The dismissal of a Brigham Young University basketball player for violating the school’s honor code has made national news now, so you probably have heard about it and possibly debated with friends about it.
To catch you up, Brandon Davies, the team’s third-leading scorer and top rebounder, was booted from the team after acknowledging that he had had premarital sex with his girl friend.
That is a violation of the school’s code that requires students to be honest and live a chaste and virtuous life, among other things.
At the time of his dismissal, BYU was ranked third in the country, which would put the Cougars in the title contender category when it comes to the NCAA Tournament that begins in a couple of weeks. They immediately went out and lost their first game without Davies by 18 points at New Mexico.
BYU has now been put in a position of defending the code with former athletes like Danny Ainge and Ty Detmer coming out with statements in support of it.
My question here: Why is it even necessary?
The code is there. BYU lives by it and doesn’t try to hide it from athletes or any students. It is a private university with deep religious roots. Everybody knows that going in. Where’s the problem? We’re not setting up some sort of national standard here.
Anyone who ridicules the decision to enforce the code is showing their own lack of moral fiber. At a time when so many are too willing to bend the rules to fit their situation, it is refreshing, to say the least, to see an institution stand by what it believes.
Arguing that the rules are antiquated and unrealistic in today’s life is no valid argument. That doesn’t matter. The code is there, and that is what the Mormons stand by. Students agree to obey and sign a pledge to that effect. If they think it’s not realistic and don’t want to follow it, then they need to go to school somewhere else.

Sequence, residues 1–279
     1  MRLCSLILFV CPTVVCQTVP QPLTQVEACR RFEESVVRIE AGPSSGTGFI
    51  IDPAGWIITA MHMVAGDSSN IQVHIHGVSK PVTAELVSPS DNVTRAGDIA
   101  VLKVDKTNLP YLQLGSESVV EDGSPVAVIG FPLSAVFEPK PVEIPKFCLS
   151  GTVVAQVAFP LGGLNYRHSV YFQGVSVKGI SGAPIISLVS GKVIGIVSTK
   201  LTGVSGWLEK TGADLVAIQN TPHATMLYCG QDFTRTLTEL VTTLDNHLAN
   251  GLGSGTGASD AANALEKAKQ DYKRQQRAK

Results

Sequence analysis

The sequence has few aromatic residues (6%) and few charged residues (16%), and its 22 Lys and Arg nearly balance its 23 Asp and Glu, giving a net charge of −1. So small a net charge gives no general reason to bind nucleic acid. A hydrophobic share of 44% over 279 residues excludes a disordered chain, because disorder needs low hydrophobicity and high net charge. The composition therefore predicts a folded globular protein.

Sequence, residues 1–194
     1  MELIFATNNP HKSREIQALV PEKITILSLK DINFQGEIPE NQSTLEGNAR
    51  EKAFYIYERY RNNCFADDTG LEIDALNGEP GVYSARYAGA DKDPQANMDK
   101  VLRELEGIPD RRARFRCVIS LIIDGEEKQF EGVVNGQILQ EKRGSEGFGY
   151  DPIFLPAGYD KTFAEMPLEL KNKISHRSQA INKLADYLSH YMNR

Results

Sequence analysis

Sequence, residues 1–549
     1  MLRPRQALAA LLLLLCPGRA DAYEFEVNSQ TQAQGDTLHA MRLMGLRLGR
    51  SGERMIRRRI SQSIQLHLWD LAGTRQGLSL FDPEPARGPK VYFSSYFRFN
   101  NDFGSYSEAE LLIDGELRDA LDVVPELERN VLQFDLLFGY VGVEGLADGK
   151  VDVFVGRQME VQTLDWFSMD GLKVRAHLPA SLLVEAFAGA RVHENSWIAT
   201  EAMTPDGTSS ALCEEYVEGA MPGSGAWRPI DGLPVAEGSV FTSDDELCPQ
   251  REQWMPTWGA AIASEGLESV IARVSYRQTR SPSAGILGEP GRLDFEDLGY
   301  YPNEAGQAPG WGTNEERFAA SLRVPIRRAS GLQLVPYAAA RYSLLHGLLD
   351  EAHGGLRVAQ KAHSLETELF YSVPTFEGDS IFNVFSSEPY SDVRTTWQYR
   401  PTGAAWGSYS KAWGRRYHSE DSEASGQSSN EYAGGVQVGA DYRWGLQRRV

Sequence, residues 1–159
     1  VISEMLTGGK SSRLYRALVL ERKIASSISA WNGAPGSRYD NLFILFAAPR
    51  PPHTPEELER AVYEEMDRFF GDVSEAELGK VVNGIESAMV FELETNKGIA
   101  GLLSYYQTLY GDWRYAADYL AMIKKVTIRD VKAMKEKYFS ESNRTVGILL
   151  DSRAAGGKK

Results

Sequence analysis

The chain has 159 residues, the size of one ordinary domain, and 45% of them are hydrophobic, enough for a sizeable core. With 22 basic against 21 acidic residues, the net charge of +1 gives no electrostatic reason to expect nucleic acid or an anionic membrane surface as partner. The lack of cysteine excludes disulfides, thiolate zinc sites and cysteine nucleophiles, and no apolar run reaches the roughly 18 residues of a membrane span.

There is one legitimate issue here, and it is whether the enforcement of the code was too strict for the violation.
Gordon Monson, a columnist for the Salt Lake City Tribune, notes that BYU’s behavioral code is stricter than the one even the Church of Christ of Latter-day Saints follows. He puts forth the view that when someone strays from the path, the emphasis should be on rehabilitating that person, not strictly punishing the sinner.
In other words, say a couple of rosaries and everything would be fine.
But adjudicating the penalty is a decision left up to the university. The administration believed that dismissal from the basketball team -- not, as far as I have seen, from the university -- was an appropriate punishment for Davies.
So live with it, folks.
(I can’t stay all-serious here in this blog so let me add this because it’s just kind of appropriate to the situation. I collect shot glasses as I travel and one of my favorites was one I picked up in Salt Lake City. Written on the side of it is this: “Eat, drink, and be merry, for tomorrow you may be in Utah.”)